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Toma casual tensión arterial
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Hipertensión arterial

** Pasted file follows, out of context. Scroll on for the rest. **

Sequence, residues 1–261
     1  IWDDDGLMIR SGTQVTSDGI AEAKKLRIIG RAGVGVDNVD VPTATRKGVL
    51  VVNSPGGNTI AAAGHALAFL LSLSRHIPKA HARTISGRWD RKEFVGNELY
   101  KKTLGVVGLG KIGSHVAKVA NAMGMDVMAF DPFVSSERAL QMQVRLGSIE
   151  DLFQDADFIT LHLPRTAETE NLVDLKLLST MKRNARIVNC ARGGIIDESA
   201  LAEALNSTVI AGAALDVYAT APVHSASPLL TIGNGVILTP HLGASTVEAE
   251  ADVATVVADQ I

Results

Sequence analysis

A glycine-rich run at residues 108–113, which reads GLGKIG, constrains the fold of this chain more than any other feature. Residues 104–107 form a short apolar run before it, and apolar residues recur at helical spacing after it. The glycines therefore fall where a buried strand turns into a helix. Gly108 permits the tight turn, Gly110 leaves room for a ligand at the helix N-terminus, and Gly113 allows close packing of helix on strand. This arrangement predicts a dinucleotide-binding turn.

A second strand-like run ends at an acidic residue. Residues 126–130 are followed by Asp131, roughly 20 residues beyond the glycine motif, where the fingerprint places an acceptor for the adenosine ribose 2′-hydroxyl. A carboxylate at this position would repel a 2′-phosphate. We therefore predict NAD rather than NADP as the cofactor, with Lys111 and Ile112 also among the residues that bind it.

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Hypertension (HT) is recognized as one of the major risk factors for vascular damage. Although current guidelines recommend an aggressive drug treatment, with blood pressure control goals ever lower, the prevalence of uncontrolled hypertension is still apparently high. It is often forgotten that BP is a very labile hemodynamic parameter, which requires a correct methodology for its measurement, only rarely met, leading to misdiagnosis and wrong hypertensive monitoring. Although arbitrary, the definition of HT has been set at 140/90 mmHg, based on casual BP taken in the office. This register itself can provide useful information beyond systolic and diastolic values, and with a certain hemodynamic meaning (pulse pressure and mean blood pressure). For a proper diagnosis of hypertensive patients it is essential to enhance BP measurement in any area with an strict methodology, and to incorporate into clinical practice new techniques such as 24 hours MAPA and AMPA at home, which still require definition of specific reference objectives. The application of these techniques has led to the emergence of several subgroups of hypertensive patients, such as white-coat hypertension and masked hypertension, which have their peculiarities in relation to the therapeutic management and prognosis. These techniques, together with the publication of new clinical trials using criteria of evidence, have led to the review of the Guidelines for the management of hypertension by modifying the limits of BP for some special clinical situations, and changing the paradigm of the lowest BP is the best, by one underscoring the need for early intervention and control of associated vascular risk factors.